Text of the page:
Mitten

The Mitten (Рукавичка) is a 1996 short animated film. It was produced in Ukraine but is almost wordless—though there is nice music!. It’s about eight minutes long. (It should not be confused with the 1967 Soviet puppet film Варежка, which also has the English title The Mitten. That one is about a girl who wants a puppy so badly that she magically turns her mitten into a puppy.)

The film is based on a Slavic (either Russian or Ukrainian, depending on who you ask) folk tale. It tells the story of a mitten that has been lost in the woods. It’s winter, and a whole host of animals slowly take up residence in the mitten to keep warm. The size of the animals who move in increases over the course of the film—first it’s a mouse, then a variety of other small animals, and they all enjoy each other’s company. Sometime later a fox arrives, which dampens the proceedings briefly, and so on and so forth. At the same time, the mitten’s owner wanders the woods looking for the lost mitten.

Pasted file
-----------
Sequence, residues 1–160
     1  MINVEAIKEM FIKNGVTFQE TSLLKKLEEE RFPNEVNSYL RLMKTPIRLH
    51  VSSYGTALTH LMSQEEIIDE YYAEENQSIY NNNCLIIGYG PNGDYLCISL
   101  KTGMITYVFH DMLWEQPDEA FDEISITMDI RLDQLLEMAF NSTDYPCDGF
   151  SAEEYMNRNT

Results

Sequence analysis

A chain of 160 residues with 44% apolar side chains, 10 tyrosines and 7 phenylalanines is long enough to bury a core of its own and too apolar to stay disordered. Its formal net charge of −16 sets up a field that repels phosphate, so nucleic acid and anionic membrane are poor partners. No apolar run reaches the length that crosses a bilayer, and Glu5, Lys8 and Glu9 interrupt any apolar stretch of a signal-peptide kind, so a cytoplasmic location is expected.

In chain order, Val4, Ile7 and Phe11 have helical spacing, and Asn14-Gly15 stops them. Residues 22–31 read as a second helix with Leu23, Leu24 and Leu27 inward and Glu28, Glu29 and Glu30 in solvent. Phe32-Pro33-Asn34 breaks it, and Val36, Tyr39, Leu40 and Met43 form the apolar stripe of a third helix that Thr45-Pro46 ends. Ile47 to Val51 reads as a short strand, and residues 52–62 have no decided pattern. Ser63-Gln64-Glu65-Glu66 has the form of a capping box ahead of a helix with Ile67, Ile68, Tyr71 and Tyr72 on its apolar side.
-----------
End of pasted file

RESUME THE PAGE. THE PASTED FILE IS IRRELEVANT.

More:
The film was created by Natalya Marchenkova (Наталья Марченкова), who had a 15-year career in animation and short films. She wrote the script for The Mitten as well as directing it. Her resume isn’t very long other than this, but another highlight is her short film How the Hedgehog and the Bear Changed the Sky (Как ёжик и медвежонок небо меняли), 1985. Like Yuriy Norshtein’s Hedgehog in the Fog (Юрий Норштейн, Ёжик в тумане), this one is based on the short story by Sergey Kozlov (Сергей Козлов), who wrote the scripts for both Marchenkova’s and Norshtein’s cartoons, as well as several other Hedgehog cartoons.

 

The film:

Julie is currently studying Russian as a Second Language in Irkutsk (and before that, Bishkek) with SRAS’s Home and Abroad Scholarship program, with the goal of someday having some sort of Russia/Eurasia-related career. She recently got her master’s degree from the University of Glasgow and the University of Tartu, where she studied women’s dissent in Soviet Russia. She also has a bachelor’s degree in literature from Yale. Some of her favorite Russian authors are Sorokin, Shishkin, Il’f and Petrov, and Akhmatova. In her spare time Julie cautiously practices martial arts, reads feminist websites, and taste-tests instant coffee for her blog.